So far, it's just about the most classic modern Americana scene imaginable. And then...

A horrifying "rrrrawwwww!" Blood-curdling screaming. Running. Panic. The man abandons the brownies, races to his wife's side of the car, then emerges with an animal in his hands. He holds the creature up like Rafiki holding up Simba, then yells in its face, "Oh my god! It's a bobcat! Oh my god!"

Then he hucks the bobcat across the yard with all his might.

Keep Reading Show less
Images courtesy of John Scully, Walden University, Ingrid Scully
True

Since March of 2020, over 29 million Americans have been diagnosed with COVID-19, according to the CDC. Over 540,000 have died in the United States as this unprecedented pandemic has swept the globe. And yet, by the end of 2020, it looked like science was winning: vaccines had been developed.

In celebration of the power of science we spoke to three people: an individual, a medical provider, and a vaccine scientist about how vaccines have impacted them throughout their lives. Here are their answers:

John Scully, 79, resident of Florida

Photo courtesy of John Scully

When John Scully was born, America was in the midst of an epidemic: tens of thousands of children in the United States were falling ill with paralytic poliomyelitis — otherwise known as polio, a disease that attacks the central nervous system and often leaves its victims partially or fully paralyzed.

"As kids, we were all afraid of getting polio," he says, "because if you got polio, you could end up in the dreaded iron lung and we were all terrified of those." Iron lungs were respirators that enclosed most of a person's body; people with severe cases often would end up in these respirators as they fought for their lives.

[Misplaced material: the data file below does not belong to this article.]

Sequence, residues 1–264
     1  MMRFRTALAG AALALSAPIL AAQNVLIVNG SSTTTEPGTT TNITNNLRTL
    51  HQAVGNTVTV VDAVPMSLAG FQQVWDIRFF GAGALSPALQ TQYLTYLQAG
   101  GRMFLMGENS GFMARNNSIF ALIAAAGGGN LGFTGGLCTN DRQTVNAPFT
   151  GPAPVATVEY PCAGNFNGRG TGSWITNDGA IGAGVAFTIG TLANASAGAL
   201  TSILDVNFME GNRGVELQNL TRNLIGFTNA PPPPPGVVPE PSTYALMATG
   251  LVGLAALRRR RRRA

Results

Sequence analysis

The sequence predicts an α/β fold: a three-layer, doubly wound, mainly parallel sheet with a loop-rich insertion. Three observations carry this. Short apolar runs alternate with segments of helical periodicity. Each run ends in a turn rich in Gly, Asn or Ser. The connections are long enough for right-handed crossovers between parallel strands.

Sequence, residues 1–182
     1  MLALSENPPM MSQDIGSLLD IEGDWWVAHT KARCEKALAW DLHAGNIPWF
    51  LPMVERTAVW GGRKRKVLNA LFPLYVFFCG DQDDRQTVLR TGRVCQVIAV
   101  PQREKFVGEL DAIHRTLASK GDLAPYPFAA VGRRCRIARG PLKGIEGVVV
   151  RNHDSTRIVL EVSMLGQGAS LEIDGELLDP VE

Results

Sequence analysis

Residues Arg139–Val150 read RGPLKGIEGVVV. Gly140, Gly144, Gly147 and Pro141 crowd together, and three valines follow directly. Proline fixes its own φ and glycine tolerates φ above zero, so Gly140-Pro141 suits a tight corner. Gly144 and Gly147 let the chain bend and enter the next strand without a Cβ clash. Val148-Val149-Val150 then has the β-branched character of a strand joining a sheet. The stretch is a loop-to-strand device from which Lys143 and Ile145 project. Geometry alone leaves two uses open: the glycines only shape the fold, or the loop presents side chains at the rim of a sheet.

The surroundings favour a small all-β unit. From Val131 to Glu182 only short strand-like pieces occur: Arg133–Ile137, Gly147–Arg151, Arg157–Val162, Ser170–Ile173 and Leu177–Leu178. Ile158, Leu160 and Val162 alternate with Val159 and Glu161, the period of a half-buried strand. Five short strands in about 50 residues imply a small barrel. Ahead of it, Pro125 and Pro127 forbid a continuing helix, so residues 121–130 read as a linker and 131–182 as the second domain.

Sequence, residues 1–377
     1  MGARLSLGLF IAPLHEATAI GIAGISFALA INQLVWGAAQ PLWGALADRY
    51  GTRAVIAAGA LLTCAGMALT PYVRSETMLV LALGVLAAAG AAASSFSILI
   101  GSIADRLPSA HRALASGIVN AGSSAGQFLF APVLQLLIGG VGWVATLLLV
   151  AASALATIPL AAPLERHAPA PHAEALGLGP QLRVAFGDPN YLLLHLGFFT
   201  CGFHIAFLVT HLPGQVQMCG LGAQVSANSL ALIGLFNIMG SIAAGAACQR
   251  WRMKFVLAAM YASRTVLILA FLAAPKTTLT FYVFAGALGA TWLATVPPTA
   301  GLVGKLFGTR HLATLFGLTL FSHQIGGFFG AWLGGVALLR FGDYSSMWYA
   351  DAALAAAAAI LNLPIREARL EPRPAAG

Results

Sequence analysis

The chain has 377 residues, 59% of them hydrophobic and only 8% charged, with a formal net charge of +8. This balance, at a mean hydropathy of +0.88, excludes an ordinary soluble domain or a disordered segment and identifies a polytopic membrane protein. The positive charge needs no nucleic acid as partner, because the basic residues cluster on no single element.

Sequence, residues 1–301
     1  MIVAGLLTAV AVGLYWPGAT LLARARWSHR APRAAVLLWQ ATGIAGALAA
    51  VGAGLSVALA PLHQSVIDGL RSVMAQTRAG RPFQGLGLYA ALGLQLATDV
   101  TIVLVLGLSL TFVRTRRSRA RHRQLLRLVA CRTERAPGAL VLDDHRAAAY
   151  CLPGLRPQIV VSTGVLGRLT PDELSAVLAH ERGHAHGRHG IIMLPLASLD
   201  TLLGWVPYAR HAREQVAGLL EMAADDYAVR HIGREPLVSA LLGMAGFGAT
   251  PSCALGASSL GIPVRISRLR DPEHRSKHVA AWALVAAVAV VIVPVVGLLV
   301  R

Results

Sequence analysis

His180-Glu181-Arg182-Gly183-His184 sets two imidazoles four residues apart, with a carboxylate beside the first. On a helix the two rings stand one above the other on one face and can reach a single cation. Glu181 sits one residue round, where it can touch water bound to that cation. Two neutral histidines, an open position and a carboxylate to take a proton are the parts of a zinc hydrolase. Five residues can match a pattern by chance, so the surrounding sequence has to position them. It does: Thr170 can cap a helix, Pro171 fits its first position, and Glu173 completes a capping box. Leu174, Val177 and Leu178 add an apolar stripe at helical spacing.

John remembers going to see matinee showings of cowboy movies on Saturdays and, before the movie, shorts would run. "Usually they showed the news," he says, "but I just remember seeing this one clip warning us about polio and it just showed all these kids in iron lungs." If kids survived the iron lung, they'd often come back to school on crutches, in leg braces, or in wheelchairs.

"We all tried to be really careful in the summer — or, as we called it back then, 'polio season,''" John says. This was because every year around Memorial Day, major outbreaks would begin to emerge and they'd spike sometime around August. People weren't really sure how the disease spread at the time, but many believed it traveled through the water. There was no cure — and every child was susceptible to getting sick with it.

"We couldn't swim in hot weather," he remembers, "and the municipal outdoor pool would close down in August."

Then, in 1954 clinical trials began for Dr. Jonas Salk's vaccine against polio and within a year, his vaccine was announced safe. "I got that vaccine at school," John says. Within two years, U.S. polio cases had dropped 85-95 percent — even before a second vaccine was developed by Dr. Albert Sabin in the 1960s. "I remember how much better things got after the vaccines came out. They changed everything," John says.

Keep Reading Show less